15. Q. Chen, J. Wang, A. Tao, M. Shen, S. Jiao, and F. Lu, “Ultrahigh-resolution measurement by optical coherence tomography of dynamic tear film changes on contact lenses,” Invest. Ophthalmol. Vis. Sci.51(4), 1988–1993 (2010). [CrossRef] [PubMed]
  16. P. E. King-Smith, B. A. Fink, R. M. Hill, K. W. Koelling, and J. M. Tiffany, “The thickness of the tear film,” Curr. Eye Res.29(4-5), 357–368 (2004). [CrossRef] [PubMed]
  17. W. Drexler, “Ultrahigh-resolution optical coherence tomography,” J. Biomed. Opt.9(1), 47–74 (2004). [CrossRef] [PubMed]
  18. American National Standards Institute, “American national standard for safe use of lasers,” ANSI Z136.1-2007 (2007).
  19. W. Drexler, U. Morgner, F. X. Kärtner, C. Pitris, S. A. Boppart, X. D. Li, E. P. Ippen, and J. G. Fujimoto, “In vivo ultrahigh-resolution optical coherence tomography,” Opt. Lett.24(17), 1221–1223 (1999). [CrossRef] [PubMed]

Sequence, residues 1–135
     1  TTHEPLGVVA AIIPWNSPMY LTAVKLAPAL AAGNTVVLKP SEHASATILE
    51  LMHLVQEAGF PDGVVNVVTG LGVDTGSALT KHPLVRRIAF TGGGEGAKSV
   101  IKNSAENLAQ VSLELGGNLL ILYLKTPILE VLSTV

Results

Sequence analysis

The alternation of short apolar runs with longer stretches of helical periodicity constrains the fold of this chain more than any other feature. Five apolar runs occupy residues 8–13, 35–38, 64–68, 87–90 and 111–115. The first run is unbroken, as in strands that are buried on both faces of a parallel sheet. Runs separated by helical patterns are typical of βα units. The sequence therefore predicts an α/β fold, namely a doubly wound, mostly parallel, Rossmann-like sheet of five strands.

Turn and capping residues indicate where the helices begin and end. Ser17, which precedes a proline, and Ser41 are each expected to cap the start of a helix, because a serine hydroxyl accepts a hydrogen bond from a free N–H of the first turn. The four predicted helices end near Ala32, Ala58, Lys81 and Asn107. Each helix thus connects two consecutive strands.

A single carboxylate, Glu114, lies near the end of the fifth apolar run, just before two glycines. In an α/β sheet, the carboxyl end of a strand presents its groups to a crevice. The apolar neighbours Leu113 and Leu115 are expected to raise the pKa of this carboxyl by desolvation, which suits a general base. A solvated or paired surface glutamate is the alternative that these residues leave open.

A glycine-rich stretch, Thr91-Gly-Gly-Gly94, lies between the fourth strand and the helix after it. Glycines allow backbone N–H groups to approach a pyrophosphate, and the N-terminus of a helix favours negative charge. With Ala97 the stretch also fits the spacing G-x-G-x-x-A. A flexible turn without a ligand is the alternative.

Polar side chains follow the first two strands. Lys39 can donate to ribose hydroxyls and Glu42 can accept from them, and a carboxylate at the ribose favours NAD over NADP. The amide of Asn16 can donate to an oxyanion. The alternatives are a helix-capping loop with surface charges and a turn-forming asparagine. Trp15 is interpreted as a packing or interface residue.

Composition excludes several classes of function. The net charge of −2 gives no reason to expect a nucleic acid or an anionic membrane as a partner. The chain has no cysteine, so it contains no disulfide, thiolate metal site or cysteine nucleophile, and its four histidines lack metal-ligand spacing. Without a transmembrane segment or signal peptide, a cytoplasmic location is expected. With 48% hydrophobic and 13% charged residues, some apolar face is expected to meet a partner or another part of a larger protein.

20. B. Povazay, K. Bizheva, A. Unterhuber, B. Hermann, H. Sattmann, A. F. Fercher, W. Drexler, A. Apolonski, W. J. Wadsworth, J. C. Knight, P. S. J. Russell, M. Vetterlein, and E. Scherzer, “Submicrometer axial resolution optical coherence tomography,” Opt. Lett.27(20), 1800–1802 (2002). [CrossRef] [PubMed]
  21. Y. Wang, Y. Zhao, J. S. Nelson, Z. Chen, and R. S. Windeler, “Ultrahigh-resolution optical coherence tomography by broadband continuum generation from a photonic crystal fiber,” Opt. Lett.28(3), 182–184 (2003). [CrossRef] [PubMed]
  22. G. Häusler and M. W. Linduer, “Coherence radar and spectral radar-new tools for dermatological diagnosis,” J. Biomed. Opt.3(1), 21–31 (1998). [CrossRef]
  23. R. Leitgeb, C. K. Hitzenberger, and A. F. Fercher, “Performance of fourier domain vs. time domain optical coherence tomography,” Opt. Express11(8), 889–894 (2003). [CrossRef] [PubMed]
  24. J. F. de Boer, B. Cense, B. H. Park, M. C. Pierce, G. J. Tearney, and B. E. Bouma, “Improved signal-to-noise ratio in spectral-domain compared with time-domain optical coherence tomography,” Opt. Lett.28(21), 2067–2069 (2003). [CrossRef] [PubMed]
  25. M. A. Choma, M. V. Sarunic, C. H. Yang, and J. A. Izatt, “Sensitivity advantage of swept source and Fourier domain optical coherence tomography,” Opt. Express11(18), 2183–2189 (2003). [CrossRef] [PubMed]